Land Use Planning And Woodland Management: A Case Study Of Local Control And Regulatory Capacity On Household And Communal Woodland Resources In Zimbabwe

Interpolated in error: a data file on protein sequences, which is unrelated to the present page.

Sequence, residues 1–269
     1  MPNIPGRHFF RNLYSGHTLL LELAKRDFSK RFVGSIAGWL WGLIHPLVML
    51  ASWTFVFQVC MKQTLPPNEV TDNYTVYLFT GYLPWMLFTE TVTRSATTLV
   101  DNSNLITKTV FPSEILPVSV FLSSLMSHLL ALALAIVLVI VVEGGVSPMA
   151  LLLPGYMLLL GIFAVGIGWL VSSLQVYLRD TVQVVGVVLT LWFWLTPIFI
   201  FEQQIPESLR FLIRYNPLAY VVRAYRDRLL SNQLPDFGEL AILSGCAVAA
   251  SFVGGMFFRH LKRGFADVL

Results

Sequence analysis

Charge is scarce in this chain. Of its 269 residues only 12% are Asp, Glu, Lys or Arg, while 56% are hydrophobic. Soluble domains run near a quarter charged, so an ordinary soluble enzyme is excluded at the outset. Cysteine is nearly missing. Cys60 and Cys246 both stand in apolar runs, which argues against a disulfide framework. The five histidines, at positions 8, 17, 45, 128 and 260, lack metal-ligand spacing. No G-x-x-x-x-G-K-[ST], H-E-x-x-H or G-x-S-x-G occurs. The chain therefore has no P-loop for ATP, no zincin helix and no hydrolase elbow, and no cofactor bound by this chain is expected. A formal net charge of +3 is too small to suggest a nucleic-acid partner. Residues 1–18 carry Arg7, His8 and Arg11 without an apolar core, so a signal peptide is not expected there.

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The article is in two sections and addresses the issues surrounding how small-scale communal farmers protect and control the use of tree resources on individual plots and communal woodland resources. The first section is descriptive and the second section is explanatory. Three sets offorms of control can be identified: individual household controls on household controlled resources, cultural forms of control tied to traditional sacred and secular institutions, and secular controls synonimous with different layers/categories of state institutions. I argue that cultural forms of control are rather diffuse in their operation and effect. State-imposed controls and those issued through state-created community institutions, despite being mentioned across all sections of the community, were not enforced to the extent that community members abided by them. Exclusion of non-community members was the exception. The second section attempts to unravel the forces behind the ineffectiveness of community institutions. I argue that contests over the control of resources within the community (and, paradoxically, the need to build community goodwill) and power relations which do not favour the community viz a viz state agencies, explain the ineffectiveness of community institutions to regulate use. The orchestration of a shift in the locus of control in favour of communities and institution building support programmes are identified as the ways forward.